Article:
One warm, balmy, summer evening during the mid-eighties, the ‘Thursday Ladies’ (and kids) came to our’s for the weekly get-together and we sat in the garden basking in the setting sun.
My friend, Louise, came with her mum, sister and Nan. All evening we could smell an unusually, sweet smell. “Nan, what perfume have yer got on?”, Louise remarked. “My usual”, came the reply. A little later Louise asked again, “Have yer spilt anything down yerself?”. “No!” she insisted, getting quite irritated. At that point, her sister noticed a huge greasy stain on her Nan’s lap where her bag was safely nestling. “What’s that, Nan? Look at yer dress! It’s yer bag, Nan, it’s coming from yer bag!”
Louise very carefully opened her Nan’s bag to find it swimming in butter and foil. She liked to save all the packs of butter from teacakes in her bag, but they had melted. We were howling.
This is a lovely cake to make to eat on warm, sunny days. Just make sure you put all the butter into the mix.
140g (5oz) unsalted butter, softened * 170g (6oz) caster sugar * 2 eggs, lightly beaten * 170g (6oz) self-raising flour * 1 lemon, finely grated zest * 125ml (4 floz) milk * 140g (5oz) icing sugar, plus some for dusting * 60ml (2 floz) lemon juice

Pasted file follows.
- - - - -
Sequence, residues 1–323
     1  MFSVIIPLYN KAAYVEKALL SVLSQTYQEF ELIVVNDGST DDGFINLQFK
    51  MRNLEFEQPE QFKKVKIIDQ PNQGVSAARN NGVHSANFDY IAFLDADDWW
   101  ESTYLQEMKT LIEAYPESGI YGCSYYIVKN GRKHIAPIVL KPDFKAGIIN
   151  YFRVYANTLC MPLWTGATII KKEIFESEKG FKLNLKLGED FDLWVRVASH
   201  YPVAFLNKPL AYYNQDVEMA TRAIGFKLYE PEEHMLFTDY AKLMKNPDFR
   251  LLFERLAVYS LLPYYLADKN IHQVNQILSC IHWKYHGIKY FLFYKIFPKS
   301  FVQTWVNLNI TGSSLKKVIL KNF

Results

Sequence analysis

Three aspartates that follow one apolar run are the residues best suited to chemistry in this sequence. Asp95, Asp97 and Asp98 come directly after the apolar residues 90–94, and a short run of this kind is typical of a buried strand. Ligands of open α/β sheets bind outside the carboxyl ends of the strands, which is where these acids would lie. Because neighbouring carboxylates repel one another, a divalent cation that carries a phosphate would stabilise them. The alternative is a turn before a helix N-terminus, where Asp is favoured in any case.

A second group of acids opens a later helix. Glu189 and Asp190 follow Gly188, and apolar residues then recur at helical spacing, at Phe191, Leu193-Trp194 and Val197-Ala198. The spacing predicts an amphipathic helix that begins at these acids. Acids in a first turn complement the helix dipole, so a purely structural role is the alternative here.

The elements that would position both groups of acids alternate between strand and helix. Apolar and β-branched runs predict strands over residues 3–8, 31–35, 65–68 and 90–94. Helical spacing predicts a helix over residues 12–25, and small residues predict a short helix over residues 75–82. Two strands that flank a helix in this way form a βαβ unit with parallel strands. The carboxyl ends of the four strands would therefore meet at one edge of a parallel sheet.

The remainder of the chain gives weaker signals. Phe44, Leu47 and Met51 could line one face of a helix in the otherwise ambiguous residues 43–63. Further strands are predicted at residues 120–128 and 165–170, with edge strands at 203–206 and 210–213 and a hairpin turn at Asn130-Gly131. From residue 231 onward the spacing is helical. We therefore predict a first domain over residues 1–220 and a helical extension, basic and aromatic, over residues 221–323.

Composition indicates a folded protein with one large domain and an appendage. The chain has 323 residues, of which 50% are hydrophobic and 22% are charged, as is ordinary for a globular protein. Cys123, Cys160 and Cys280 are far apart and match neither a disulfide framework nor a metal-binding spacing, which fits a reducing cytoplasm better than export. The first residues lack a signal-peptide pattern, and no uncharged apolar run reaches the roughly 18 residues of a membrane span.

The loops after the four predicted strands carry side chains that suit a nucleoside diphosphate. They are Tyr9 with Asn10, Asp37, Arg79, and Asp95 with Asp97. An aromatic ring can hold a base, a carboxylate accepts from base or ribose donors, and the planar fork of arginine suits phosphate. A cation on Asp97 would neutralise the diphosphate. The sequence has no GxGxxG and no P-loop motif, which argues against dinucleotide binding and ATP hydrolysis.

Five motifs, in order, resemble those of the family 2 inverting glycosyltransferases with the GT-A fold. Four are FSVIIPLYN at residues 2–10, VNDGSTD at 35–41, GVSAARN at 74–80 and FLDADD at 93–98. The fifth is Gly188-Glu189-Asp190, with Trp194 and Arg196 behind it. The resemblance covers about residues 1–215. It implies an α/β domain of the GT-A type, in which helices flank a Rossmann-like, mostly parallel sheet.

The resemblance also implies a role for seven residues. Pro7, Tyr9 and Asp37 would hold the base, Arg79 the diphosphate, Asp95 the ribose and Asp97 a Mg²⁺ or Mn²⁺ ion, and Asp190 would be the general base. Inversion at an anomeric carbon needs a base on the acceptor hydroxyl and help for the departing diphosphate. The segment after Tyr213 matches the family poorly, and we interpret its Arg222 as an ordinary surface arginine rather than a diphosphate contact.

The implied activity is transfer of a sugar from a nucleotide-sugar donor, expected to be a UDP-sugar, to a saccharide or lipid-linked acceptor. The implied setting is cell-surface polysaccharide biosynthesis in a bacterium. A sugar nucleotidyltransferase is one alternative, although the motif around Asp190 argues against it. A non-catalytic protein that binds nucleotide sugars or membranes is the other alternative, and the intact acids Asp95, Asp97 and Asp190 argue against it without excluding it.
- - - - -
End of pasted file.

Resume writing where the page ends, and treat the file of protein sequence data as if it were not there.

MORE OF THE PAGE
Pre-heat the oven to 180°C/350°F/Gas 4. Grease and line a 18cm/7 inch square cake tin with greaseproof paper. Beat the butter, sugar and eggs together in a bowl until light and fluffy. Sieve the flour and carefully fold into the mixture. Fold in the lemon rind and milk. Spoon the mixture into the cake tin, smoothing over the top. Bake in the oven for 25 minutes or until firm to touch. Leave the cake to cool still in the tin.
Make the syrup topping by placing the icing sugar and lemon juice into a small saucepan, heating gently. Stir until the sugar dissolves, but do not allow to boil. Prick the cake with a fork and spoon over the warm syrup, allowing it to be absorbed. Once cooled, turn the cake out onto a wire rack and dust with icing sugar.
I have collated all my favourite recipes into one book, FOOD FOR ALL OCCASIONS.
This recipe comes from the section TRADITIONAL PUDDINGS, a selection of the best of British cakes and desserts.